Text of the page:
Confident ongoing farm stir will end’: MoS Kailash Choudhary ahead of Jan 4 meeting

Confident ongoing farm stir will end’: MoS Kailash Choudhary before Jan 4 meeting
“I am confident that within the next round of talks with farmers, an answer are going to be reached and therefore the ongoing protest will come to an end. The three farm bills are in favour of farmers. They wont to demand to urge obviate the middleman and sell their produce at a rate of their choice,” the minister was quoted as saying by press agency ANI.
Ahead of the Centre’s seventh round of meeting with protesting farmers over the three farm laws on Monday, Union minister of state (MoS) for agriculture Kailash Choudhary said on Saturday an answer would come up during the talks which the continued stir would end. Choudhary said the laws, which were passed in September last year, are for the farmers, who are protesting against the reforms for over a month camping at several border points near Delhi and surrounding areas.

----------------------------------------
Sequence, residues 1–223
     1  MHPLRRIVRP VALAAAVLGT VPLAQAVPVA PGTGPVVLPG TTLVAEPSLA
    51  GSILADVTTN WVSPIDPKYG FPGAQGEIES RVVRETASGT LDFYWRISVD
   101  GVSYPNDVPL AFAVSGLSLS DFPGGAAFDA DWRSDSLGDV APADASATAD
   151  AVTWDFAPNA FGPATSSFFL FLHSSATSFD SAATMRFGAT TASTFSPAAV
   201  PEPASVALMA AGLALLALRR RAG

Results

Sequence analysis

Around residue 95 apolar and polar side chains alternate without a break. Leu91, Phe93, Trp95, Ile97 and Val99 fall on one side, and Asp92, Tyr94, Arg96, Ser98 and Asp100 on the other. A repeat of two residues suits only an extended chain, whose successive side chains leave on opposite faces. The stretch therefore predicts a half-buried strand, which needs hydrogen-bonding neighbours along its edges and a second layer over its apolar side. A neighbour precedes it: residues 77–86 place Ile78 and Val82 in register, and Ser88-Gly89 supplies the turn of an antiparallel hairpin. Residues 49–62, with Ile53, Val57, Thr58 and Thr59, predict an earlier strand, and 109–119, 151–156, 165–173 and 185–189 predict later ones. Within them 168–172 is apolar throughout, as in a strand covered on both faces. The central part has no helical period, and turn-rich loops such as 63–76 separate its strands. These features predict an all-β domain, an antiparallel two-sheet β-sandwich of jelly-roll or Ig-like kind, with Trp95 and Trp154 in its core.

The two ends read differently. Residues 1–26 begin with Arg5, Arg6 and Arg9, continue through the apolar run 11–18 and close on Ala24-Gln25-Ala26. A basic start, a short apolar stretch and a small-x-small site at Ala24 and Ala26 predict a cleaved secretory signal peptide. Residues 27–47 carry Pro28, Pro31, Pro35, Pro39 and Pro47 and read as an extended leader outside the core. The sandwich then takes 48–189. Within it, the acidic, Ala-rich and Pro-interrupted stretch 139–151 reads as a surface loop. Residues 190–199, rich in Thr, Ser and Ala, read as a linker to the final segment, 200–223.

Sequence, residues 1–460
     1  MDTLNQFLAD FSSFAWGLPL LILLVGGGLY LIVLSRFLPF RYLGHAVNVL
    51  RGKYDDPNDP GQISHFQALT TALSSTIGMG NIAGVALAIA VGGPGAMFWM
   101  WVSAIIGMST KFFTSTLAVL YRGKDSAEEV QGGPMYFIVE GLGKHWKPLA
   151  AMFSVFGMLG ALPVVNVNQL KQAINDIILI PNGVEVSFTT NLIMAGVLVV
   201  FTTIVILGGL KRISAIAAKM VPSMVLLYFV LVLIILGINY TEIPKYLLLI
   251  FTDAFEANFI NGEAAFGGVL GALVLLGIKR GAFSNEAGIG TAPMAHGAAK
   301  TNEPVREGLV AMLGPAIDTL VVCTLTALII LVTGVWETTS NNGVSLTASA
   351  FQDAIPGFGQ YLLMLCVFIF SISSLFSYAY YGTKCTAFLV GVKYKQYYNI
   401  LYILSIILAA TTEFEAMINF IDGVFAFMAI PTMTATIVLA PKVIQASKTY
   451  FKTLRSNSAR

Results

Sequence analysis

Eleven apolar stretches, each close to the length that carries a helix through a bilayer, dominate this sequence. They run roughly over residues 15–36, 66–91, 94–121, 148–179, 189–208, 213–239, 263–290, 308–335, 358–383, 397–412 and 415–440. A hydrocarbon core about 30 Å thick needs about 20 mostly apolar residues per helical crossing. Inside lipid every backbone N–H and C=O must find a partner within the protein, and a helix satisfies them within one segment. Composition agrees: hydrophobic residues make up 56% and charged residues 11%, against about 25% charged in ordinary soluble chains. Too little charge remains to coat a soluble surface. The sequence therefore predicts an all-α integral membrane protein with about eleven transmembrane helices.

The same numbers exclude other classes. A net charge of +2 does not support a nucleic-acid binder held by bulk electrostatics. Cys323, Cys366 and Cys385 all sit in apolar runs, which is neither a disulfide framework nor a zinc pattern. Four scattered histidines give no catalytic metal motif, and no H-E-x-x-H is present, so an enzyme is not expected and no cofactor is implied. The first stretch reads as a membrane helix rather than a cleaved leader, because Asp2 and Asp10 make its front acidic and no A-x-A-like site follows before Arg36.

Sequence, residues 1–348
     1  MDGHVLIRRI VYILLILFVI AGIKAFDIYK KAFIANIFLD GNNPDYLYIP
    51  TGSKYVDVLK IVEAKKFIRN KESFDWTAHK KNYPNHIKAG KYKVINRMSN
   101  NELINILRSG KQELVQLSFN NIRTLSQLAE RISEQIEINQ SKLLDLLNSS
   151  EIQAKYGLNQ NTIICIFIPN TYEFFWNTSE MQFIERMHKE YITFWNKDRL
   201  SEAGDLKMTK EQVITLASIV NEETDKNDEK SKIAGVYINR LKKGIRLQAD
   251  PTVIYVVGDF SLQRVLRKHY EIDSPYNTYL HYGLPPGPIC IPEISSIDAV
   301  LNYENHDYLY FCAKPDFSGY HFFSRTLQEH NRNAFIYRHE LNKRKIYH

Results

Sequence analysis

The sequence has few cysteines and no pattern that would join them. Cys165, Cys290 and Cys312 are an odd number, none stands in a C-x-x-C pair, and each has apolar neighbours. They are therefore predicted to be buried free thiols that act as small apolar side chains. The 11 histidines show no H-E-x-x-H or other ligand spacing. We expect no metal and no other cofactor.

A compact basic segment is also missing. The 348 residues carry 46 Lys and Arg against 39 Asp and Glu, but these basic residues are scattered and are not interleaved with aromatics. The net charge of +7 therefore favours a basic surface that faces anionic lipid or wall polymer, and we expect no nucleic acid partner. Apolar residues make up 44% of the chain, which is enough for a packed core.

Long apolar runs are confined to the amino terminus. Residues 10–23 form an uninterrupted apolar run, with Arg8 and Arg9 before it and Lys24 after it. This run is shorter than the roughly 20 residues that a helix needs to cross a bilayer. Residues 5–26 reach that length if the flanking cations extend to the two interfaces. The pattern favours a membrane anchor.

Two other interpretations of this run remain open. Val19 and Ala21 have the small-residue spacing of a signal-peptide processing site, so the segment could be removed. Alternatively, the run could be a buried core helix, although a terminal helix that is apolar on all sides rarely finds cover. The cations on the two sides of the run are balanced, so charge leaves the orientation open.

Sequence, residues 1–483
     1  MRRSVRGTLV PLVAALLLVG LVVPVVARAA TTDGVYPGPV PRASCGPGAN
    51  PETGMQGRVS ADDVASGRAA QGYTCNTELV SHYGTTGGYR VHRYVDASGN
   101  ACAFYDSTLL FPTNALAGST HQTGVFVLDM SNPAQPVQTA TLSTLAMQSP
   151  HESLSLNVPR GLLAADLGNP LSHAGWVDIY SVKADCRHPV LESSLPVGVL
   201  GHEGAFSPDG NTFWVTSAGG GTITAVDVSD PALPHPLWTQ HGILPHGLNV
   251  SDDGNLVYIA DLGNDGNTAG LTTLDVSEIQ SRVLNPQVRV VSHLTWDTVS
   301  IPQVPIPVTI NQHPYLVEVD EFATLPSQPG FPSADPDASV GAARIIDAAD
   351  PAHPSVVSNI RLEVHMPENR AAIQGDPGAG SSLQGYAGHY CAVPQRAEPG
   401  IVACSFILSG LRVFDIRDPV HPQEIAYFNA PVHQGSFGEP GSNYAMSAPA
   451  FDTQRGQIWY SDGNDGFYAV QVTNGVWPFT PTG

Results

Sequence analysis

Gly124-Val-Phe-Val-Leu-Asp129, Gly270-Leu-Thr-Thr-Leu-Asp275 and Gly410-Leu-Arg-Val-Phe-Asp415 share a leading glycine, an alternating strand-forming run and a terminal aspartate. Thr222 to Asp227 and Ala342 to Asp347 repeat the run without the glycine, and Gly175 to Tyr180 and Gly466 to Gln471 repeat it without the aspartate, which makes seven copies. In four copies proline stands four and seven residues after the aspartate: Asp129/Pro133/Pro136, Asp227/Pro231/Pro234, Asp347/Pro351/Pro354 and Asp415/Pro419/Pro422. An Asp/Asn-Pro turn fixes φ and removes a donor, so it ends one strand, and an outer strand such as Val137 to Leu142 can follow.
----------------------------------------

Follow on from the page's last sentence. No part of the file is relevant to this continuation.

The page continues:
“I am confident that within the next round of talks with farmers, an answer are going to be reached and therefore the ongoing protest will come to an end. The three farm bills are in favour of farmers. They wont to demand to urge obviate the middleman and sell their produce at a rate of their choice,” the minister was quoted as saying by press agency ANI.
Choudhary also talked about the difficulty of contract farming within the farm reforms. “In the new bill, there can’t be an investigation against a farmer albeit he’s guilty . It also states there won’t be any agreement regarding the land of the farmer. The bill is favourable for farmers and therefore the PM wants them to become ‘atmanirbhar’,” he said.
The first five rounds of talks held between protesters and therefore the government didn’t yield any solution. On December 30, the farmers’ unions decided to satisfy the ministers for the sixth time. However, the govt only agreed to deal with two of the four issues raised by farmers, which were sparing heavy fines for stubble burning and continuing the present mechanism of giving subsidised power for agricultural use. Till now, there has been no final turn whether the reforms should be removed.

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